United States in IFAF WC 1999 – Did not participate

2003 – Did not participate

2007 – Gold medal winners

Group stages: W 77-0 vs. Korea; W 33-7 vs. Germany

Gold Medal game: W 23-20 (2OT) vs. Japan

2011 – Gold media winners

Group stages: W 61-0 vs. Australia; W 48-7 vs. Germany;

W 17-7 vs. Mexico

Gold Medal game: W 50-7 vs. Canada

2015 – Group stages: W 30-6 vs. Mexico; W 43-18 vs. Japan

Overall record: 9-0

France in IFAF WC 1999 – Did not participate

2003 – Fourth place

Semi final: L 23-6 vs. Japan

Bronze medal game: L 37-7 vs. Germany

2007 – Sixth place

Group stages: L 48-0 vs. Japan; L 16-14 vs. Sweden

Fifth place game: L 3-0 vs. Korea

2011 – Fifth place

Group stages: L 45-10 vs. Canada; L 35-10 vs. Japan;

W 24-16 vs. Austria

Fifth Place Game: L 21-17 vs. Germany

2015 – Group stages: W 31-6 vs. Brazil; W 53-3 vs. Australia

Overall record: 3-8

Social Media Twitter @IFAFofficial

Twitter @USAFootball

Hash tag #IFAFWC15



Notes and quotes

Notes: Despite this being the third IFAF World Championship in which both nations have competed, the United States and France have never met before. … The United States added to its unbeaten streak in tournament history, clocking up a ninth win since first participating in 2007. … The U.S. is bidding to win a third successive world title and opened with victories over Mexico (30-6) and Japan (43-18). … Having set new records with 8 sacks in a single game and 18.5 tackles for a loss against Mexico, the U.S. threw a tournament record three interceptions against Japan. … Wide receiver Trent Steelman had 7 receptions against Japan, which is joint fourth all-time in a single game. … Wide receiver Luc Meecham’s 23.6 yards average receptions per game vs. Japan ranks seventh all-time. … The U.S. gained a record 580 yards and ran a record 74 total plays vs. Japan. … France is enjoying a best-ever performance at an IFAF World Championship, having won two consecutive games for the first time. … France has scored 84 combined points in two games in 2015, having scored a total of 88 points in eight prior games. …. French kick returner Anthony Dable recorded the second-longest kickoff return for a touchdown – an 82-yard charge to the end zone against Australia – to back up the 102-yard record he spectacularly set only three days earlier when Brazil found him unstoppable. … Dable, who plays for Europe’s top-ranked team and Eurobowl champions Braunschweig New Yorker Lions in Germany, set an average yards per kickoff return of 79 yards against Australia. … Dable’s total of 158 return yards in Thursday’s game ranks second behind the 175 yards recorded by compatriot Jeremy Larroque in 2011 against Japan. … Anthony Couvin’s 83-yard return ranks fourth all-time. … French running back Nicholas Khandar’s 88-yard scoring run against Australia was the longest run from scrimmage and the longest touchdown rush of all-time.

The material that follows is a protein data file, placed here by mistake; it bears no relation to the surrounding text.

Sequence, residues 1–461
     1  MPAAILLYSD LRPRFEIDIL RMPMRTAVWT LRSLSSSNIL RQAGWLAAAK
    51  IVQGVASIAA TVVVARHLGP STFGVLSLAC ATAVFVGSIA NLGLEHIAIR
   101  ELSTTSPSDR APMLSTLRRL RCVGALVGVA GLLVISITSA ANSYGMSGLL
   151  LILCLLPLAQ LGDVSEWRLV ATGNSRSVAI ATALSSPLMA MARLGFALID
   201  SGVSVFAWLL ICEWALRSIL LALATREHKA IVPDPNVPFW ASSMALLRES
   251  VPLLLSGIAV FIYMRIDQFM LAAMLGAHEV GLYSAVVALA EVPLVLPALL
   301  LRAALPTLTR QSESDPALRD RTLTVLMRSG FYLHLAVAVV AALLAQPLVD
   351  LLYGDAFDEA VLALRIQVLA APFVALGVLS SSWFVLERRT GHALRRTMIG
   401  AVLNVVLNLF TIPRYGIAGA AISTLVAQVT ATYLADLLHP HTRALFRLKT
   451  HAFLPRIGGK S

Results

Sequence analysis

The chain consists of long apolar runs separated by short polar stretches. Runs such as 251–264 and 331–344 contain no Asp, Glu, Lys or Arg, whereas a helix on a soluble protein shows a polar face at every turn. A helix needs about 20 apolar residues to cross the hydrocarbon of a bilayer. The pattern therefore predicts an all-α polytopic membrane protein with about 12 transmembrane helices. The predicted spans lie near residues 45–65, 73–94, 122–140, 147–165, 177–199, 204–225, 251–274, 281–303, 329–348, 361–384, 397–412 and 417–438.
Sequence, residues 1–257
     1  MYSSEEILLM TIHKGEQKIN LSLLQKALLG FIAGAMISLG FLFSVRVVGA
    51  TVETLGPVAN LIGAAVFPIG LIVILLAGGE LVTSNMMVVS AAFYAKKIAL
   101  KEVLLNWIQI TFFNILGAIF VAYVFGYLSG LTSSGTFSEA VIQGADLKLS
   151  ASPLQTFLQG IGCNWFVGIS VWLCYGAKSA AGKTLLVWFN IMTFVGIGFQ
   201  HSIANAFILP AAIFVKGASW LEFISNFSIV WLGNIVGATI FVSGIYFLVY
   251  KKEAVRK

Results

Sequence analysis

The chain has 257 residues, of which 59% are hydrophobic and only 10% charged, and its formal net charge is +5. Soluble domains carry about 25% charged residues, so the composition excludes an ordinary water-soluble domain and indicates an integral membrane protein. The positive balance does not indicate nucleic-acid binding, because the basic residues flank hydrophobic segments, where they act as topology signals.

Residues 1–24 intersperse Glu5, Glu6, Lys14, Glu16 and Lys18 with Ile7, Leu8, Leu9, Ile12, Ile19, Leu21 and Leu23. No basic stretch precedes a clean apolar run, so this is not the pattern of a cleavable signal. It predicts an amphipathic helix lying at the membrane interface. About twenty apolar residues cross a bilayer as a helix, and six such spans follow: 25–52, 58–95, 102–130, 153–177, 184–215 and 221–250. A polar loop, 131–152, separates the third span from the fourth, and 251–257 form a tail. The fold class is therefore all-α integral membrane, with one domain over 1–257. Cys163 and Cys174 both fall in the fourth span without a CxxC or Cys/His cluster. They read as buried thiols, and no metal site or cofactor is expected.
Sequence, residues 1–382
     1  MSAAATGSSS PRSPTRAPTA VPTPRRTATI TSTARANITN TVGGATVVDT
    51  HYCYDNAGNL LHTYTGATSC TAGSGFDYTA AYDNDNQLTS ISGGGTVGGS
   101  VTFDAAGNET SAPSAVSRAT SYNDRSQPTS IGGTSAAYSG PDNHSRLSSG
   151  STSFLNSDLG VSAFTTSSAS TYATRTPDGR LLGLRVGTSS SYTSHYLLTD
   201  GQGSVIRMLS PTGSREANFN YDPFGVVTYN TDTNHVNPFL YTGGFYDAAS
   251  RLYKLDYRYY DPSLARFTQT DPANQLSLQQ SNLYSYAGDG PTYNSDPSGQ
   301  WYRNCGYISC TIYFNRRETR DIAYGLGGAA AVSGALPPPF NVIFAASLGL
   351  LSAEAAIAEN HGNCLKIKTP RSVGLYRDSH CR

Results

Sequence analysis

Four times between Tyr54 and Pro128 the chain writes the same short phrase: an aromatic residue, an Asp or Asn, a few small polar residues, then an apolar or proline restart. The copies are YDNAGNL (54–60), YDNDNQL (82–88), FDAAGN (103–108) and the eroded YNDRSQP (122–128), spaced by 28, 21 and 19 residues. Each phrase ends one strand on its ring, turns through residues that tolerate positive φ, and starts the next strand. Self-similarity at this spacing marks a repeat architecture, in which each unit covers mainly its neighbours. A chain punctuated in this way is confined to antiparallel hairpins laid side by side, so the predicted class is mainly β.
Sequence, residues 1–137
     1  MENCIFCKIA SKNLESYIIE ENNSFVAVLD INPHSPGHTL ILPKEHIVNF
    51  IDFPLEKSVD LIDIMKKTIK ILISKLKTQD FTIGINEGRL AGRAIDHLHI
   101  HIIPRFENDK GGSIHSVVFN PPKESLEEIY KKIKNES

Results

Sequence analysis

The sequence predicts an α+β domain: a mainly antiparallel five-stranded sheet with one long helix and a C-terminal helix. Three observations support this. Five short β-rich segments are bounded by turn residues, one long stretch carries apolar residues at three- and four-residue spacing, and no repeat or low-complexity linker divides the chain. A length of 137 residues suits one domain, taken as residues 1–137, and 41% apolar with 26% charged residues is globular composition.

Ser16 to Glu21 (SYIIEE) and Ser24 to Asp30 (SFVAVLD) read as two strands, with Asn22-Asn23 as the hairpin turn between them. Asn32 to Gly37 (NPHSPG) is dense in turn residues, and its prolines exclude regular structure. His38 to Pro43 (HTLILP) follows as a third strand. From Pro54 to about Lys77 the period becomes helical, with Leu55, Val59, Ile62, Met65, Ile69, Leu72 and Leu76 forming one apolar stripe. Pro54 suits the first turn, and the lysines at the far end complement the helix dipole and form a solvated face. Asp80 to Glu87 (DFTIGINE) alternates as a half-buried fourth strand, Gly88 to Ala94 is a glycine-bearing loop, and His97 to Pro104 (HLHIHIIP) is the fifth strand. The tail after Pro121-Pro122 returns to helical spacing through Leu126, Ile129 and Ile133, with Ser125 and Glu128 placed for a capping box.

United States free safety Curtis Slater: “I personally know three of the guys because they play in Germany with me, so I know their receiving corps will provide us with some good competition. We know that they’re going to throw the ball and we know that we’re going to have to execute our assignments that we practice each day.”

“Being the United States we have a big target on our backs and everyone is going to give us their best shot.  We just have to make sure we’re doing our job and stay on top of that.”

France head coach Patrick Esume: “We’re going to play this game to win.  We’re not going in there trying to survive against the U.S. – we’re playing to win.  We obviously know that the U.S. is the team to beat, by far, but we’ll try to get our guys to believe in themselves and what we do and then I think coach Val (defensive coordinator Bob Valesente) and I came up with a good plan and we’re going to try to execute it.”

“What really encouraged me was to see how well we ran the ball, especially in the second game (vs. Australia).  Under the conditions we had, when the rain was coming down like crazy, we couldn’t really throw the ball and that’s one of our strengths, throwing the ball and getting out guys that can run out in space.  We couldn’t do that, yet we were able to control and dominate the line of scrimmage and run the ball.  That was encouraging to see.  Against the U.S. we’ve got to put all phases together – offense, defense and special teams and the running game and passing game – and we’ve got to do it all.”